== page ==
Posted on Jun 18, 2012 9:03:59 PM PDT
Mandryka says:
Yes i had found the FD record on spotify. I thought it was not very good. Thanks though.

In reply to an earlier post on Jun 18, 2012 9:14:47 PM PDT
Edgar Self says:
Mandryka, either you are up very late or up awfully early. That's what Couperin will do to you.

Posted on Jun 18, 2012 9:18:41 PM PDT
Last edited by the author on Jun 18, 2012 9:26:43 PM PDT
Mandryka says:
I've got to catch a train.

Posted on Jun 18, 2012 10:09:23 PM PDT
Last edited by the author on Jun 19, 2012 6:44:03 AM PDT
If you ask me, among choral music recordings of the French Baroque there have been four 'stand out' conductors & ensembles that should be considered in any discussion of 'best' recordings: they are (1) William Christie & Les Arts Florissants; (2) Gerard Lesne & Ensemble Il Seminario Musicale; (3) Vincent Dumestre & Le Poeme Harmonique; and (4) Marc Minkowski & Les Musiciens du Louvre. Christophe Rousset is good too; as is Jordi Savall--though if memory serves the only choral music that Savall has recorded from this period is by Marc-Antoine Charpentier. (He has, however, recorded a great deal of Couperin's instrumental music--Les Nations, Les Apotheoses, etc.).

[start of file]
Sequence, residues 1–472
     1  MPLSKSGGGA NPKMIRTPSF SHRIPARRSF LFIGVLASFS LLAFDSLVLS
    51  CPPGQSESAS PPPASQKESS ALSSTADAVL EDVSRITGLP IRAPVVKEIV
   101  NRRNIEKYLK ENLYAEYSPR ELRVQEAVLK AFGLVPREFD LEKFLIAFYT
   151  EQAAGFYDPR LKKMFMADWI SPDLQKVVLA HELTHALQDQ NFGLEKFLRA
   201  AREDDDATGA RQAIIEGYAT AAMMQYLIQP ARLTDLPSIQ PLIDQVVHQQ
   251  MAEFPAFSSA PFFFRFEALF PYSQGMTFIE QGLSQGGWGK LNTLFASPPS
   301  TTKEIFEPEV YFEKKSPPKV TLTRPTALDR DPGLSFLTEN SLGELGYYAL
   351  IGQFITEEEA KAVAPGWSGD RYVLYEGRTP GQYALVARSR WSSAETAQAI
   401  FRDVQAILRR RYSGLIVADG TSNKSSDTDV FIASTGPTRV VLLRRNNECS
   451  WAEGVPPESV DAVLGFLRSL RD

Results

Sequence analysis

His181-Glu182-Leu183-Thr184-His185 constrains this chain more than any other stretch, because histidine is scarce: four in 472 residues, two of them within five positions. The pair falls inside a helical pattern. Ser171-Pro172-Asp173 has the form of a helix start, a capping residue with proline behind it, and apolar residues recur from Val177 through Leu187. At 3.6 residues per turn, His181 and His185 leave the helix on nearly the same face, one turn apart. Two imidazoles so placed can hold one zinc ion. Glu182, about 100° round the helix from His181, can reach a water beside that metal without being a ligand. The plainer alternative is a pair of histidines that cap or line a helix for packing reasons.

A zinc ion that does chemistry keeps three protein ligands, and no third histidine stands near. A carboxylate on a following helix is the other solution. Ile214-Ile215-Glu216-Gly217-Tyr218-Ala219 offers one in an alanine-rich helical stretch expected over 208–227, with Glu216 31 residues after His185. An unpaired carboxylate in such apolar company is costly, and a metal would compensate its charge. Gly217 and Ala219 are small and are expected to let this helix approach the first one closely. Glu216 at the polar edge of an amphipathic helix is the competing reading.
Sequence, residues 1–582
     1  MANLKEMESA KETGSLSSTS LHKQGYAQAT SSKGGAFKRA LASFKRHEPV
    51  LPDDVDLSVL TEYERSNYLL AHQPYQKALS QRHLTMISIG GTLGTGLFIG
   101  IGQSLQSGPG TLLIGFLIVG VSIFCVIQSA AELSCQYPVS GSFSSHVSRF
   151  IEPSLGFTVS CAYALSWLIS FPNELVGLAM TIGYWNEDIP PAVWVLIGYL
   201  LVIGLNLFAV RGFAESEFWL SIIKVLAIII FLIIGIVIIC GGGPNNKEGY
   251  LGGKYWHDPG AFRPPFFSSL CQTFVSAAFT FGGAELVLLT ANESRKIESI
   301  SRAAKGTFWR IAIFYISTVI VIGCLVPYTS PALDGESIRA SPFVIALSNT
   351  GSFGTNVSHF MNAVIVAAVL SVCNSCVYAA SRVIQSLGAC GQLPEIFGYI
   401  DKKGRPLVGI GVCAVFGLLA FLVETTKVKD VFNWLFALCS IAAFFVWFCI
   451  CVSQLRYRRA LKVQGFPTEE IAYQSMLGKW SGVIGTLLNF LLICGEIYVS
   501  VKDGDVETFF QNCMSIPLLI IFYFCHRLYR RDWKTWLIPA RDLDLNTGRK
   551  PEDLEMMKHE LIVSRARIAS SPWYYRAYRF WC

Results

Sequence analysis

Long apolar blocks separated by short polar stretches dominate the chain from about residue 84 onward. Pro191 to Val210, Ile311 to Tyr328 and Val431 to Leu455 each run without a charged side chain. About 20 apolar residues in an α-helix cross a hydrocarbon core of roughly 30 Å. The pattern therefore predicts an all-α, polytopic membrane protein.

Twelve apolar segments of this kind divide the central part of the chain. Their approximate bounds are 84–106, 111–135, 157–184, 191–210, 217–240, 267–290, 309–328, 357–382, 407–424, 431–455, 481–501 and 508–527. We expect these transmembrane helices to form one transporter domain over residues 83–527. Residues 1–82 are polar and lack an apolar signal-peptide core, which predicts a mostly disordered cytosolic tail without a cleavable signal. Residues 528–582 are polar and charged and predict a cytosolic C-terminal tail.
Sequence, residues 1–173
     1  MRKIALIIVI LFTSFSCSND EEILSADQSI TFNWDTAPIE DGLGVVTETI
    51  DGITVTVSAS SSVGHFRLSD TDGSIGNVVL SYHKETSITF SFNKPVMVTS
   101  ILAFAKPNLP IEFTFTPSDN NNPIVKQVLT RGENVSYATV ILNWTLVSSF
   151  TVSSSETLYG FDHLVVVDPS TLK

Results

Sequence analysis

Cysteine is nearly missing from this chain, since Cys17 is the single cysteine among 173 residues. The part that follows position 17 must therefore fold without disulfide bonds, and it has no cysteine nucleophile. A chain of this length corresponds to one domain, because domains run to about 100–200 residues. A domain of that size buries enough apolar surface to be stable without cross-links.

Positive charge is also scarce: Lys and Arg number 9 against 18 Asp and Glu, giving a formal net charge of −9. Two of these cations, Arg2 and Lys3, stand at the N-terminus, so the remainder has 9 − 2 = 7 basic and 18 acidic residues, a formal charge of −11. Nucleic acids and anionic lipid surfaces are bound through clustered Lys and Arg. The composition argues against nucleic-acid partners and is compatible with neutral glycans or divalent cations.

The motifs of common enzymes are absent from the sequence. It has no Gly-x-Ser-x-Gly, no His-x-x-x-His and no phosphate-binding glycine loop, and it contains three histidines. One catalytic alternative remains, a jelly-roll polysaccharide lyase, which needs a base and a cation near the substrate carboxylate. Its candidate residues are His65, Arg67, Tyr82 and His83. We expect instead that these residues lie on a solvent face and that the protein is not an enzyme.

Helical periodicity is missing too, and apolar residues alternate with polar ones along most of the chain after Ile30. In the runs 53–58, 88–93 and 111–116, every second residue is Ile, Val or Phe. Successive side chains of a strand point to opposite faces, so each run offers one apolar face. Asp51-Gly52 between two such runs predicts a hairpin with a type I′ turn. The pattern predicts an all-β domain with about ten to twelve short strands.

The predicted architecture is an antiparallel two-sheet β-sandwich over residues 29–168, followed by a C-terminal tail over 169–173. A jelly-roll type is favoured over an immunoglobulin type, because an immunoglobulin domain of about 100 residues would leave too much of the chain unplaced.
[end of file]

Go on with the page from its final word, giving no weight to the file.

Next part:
Regarding Francois Couperin's Lecons de Tenebres, unfortunately we can rule out Dumestre & Minkowski right away, because as far as I know they haven't recorded it. It should also be noted that Couperin wrote the work for two sopranos, & not two countertenors. While I've certainly liked some countertenor versions, I happen to prefer sopranos in this work. It just sounds more beautiful that way. So, I'd pick Christie's Erato version as my top choice among soprano performances, with Rousset close behind. Rousset admittedly has two excellent sopranos--Piau & Gens, but so does Christie with Daneman & Petibon, and as a conductor, Christie shines in the music of this period--it's where he made his reputation: Couperin - Leçons de Ténèbres / Daneman, Petibon, Les Arts Florissants, Christie. Among countertenor versions, I'd go with Gerard Lesne (who may not possess the most beautiful voice out here, but is a great singer nonetheless) & Steve Dugardin. Lesne is also a very fine conductor of music from this period (especially Charpentier, who also set these words to music). I should give warning, however, that Lesne chooses to set Couperin's work in an appropriate liturgical context, which may not be for everyone. Among other countertenor performances, James Bowman & Michael Chance are very good too on Hyperion, and there is also Daniel Taylor & Robin Blaze with the Theater of Early Music on BIS, which I've not heard.